2005 Lincoln Aviator
$40,635 - $43,585

2005 Lincoln Aviator Expert Review:New Car Test Drive

The following review is for a 2004 Model Year. There may be minor changes to current model you are looking at.

Offering value in the prestige market.


The Lincoln Aviator is the luxury division's mid-size sport-utility vehicle. Based on the Ford Explorer, the Aviator combines a rugged, truck-based platform with a smooth luxury car ride. Properly equipped, Aviator can tow up to 7,300 pounds, significantly more than most imported SUVs in its size class. 

The Aviator's mission is to deliver the style of the Lincoln Navigator in a smaller, more manageable, and less expensive package. Aviator lists for about $8,700 less than Navigator. Aviator is also priced lower than most V8-powered luxury sport-utilities. Aviator costs less than a Lexus GX 470, Mercedes-Benz ML 500, Infiniti FX45, and less than the V8 versions of the Cadillac SRX and Volkswagen Touareg. Aviator is also priced just below the six-cylinder BMW X5 3.0. 

All-new last year, the Lincoln Aviator returns for 2004 with more options to enhance safety. Electronic stability control, which Ford calls AdvanceTrac, together with a new system called Roll Stability Control, reduce the chance of skidding and to help drivers maintain handling control. A tire-pressure monitoring system is now standard. The voice-activated DVD navigation system has been improved and refined, and now comes with an in-dash six-disc CD changer. 


Lincoln Aviator is available with a choice of rear-wheel drive ($39,940) or all-wheel-drive ($42,890). All models come with Ford's 4.6-liter V8 engine, rated at 302 horsepower and 300 pounds-feet of torque. All come with a five-speed automatic. 

Most luxuries are standard: leather upholstery; six-way power front seats with two memory settings for the driver; AM/FM/CD/cassette audio with steering wheel-mounted controls; dual-zone electronic climate control plus auxiliary climate controls for the rear-seat passengers; heated power-adjustable side mirrors with built-in puddle lamps and turn-signal indicators; power-adjustable brake and accelerator pedals; and a back-up obstacle detection system.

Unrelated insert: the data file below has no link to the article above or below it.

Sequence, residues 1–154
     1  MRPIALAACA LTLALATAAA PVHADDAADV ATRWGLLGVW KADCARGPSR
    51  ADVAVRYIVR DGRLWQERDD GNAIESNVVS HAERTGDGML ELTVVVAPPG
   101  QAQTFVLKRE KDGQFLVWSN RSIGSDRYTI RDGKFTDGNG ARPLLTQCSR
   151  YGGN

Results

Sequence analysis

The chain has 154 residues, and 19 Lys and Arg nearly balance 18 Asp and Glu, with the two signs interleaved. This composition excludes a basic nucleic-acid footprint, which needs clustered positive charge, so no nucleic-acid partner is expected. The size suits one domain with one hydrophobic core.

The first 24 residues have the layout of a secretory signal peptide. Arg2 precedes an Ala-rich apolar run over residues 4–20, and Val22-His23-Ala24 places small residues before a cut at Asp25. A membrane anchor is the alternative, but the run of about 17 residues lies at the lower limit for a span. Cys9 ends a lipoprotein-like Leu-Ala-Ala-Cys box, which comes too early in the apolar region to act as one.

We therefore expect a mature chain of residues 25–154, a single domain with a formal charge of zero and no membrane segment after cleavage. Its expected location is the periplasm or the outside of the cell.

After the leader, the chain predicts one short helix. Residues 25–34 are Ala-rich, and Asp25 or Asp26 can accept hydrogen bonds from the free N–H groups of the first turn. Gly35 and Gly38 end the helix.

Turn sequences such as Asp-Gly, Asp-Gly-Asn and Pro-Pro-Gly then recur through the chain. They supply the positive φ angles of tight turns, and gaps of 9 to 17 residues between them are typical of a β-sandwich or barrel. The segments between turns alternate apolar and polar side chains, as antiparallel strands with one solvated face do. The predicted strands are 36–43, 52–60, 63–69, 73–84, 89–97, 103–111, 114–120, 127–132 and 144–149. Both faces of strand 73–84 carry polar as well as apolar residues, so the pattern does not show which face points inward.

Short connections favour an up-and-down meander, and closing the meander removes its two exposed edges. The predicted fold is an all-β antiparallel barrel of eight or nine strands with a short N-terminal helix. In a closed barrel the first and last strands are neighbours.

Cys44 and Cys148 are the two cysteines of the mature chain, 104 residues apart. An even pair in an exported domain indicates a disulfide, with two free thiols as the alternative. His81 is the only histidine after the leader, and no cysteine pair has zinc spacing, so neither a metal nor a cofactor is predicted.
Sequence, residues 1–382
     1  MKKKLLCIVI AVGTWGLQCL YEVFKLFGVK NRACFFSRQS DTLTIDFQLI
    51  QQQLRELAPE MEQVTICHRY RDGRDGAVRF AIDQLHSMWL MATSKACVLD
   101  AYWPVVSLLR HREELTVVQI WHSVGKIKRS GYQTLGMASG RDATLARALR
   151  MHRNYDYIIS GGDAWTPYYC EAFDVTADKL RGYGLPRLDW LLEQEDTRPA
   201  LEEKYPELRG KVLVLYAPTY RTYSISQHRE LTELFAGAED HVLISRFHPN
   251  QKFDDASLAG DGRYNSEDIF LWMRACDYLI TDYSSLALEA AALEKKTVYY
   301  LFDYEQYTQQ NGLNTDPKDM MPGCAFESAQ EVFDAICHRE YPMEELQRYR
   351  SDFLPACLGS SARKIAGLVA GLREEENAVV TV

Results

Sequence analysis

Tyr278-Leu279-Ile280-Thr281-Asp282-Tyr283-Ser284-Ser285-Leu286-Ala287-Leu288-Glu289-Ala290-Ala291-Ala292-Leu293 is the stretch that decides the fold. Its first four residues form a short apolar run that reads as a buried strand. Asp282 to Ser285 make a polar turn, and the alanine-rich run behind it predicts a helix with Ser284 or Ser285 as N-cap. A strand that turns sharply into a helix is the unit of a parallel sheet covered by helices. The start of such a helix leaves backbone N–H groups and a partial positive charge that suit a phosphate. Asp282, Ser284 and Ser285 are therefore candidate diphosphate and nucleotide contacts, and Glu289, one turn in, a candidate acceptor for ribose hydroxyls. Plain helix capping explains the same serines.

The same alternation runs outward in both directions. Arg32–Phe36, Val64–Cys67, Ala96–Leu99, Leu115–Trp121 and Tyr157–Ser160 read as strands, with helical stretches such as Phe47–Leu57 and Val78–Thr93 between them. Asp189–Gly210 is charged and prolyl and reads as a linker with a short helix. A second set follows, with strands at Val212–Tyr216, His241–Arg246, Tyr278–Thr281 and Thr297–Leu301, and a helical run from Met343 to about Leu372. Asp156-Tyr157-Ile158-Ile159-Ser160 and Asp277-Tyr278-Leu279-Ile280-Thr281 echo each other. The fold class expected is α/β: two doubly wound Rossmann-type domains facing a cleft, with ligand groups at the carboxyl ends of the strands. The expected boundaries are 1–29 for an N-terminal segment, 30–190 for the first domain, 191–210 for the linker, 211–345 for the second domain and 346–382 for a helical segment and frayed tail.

The Premium Preferred Equipment Group ($2,465 with 2WD, $2,690 with 4WD) adds an audiophile stereo with six-disc CD changer, seven-spoke machined aluminum wheels, high-intensity-discharge headlamps, and heated and cooled driver and passenger seats. (Lincoln sometimes refers to this as the Ultimate Preferred Equipment Group.)

Safety features include anti-lock brakes with Brake Assist, dual-stage frontal air bags, Safety Canopy airbags for protection in side impacts and rollovers, front safety belts with pre-tensioners and load-limiting retractors, three-point lap and shoulder belts for all seating positions, childproof rear-door locks, and LATCH universal child safety seat latches. AdvanceTrac electronic stability control with Roll Stability Control is optional ($860) for Aviator 2WD models. The system will be available for Aviator AWD models late in the model year. 

Other options include a power glass sunroof ($1,595), DVD-based navigation system with touch screen and in-dash six-disc CD changer ($2,495), rear-seat DVD entertainment ($1,295), roof rail crossbars ($60), Class III trailer package ($295), and chrome wheels ($795). A 40/20/40 split second-row bench seat can be substituted for the standard second-row bucket seats at no charge. 


The Lincoln Aviator was deliberately designed to look like a 9/10ths-scale Lincoln Navigator. Aviator is more than a foot shorter than the Navigator, 4 inches narrower, and about 6-1/2 inches lower. Aviator seats six or seven, depending on the seating configuration ordered, while the Navigator has room for eight.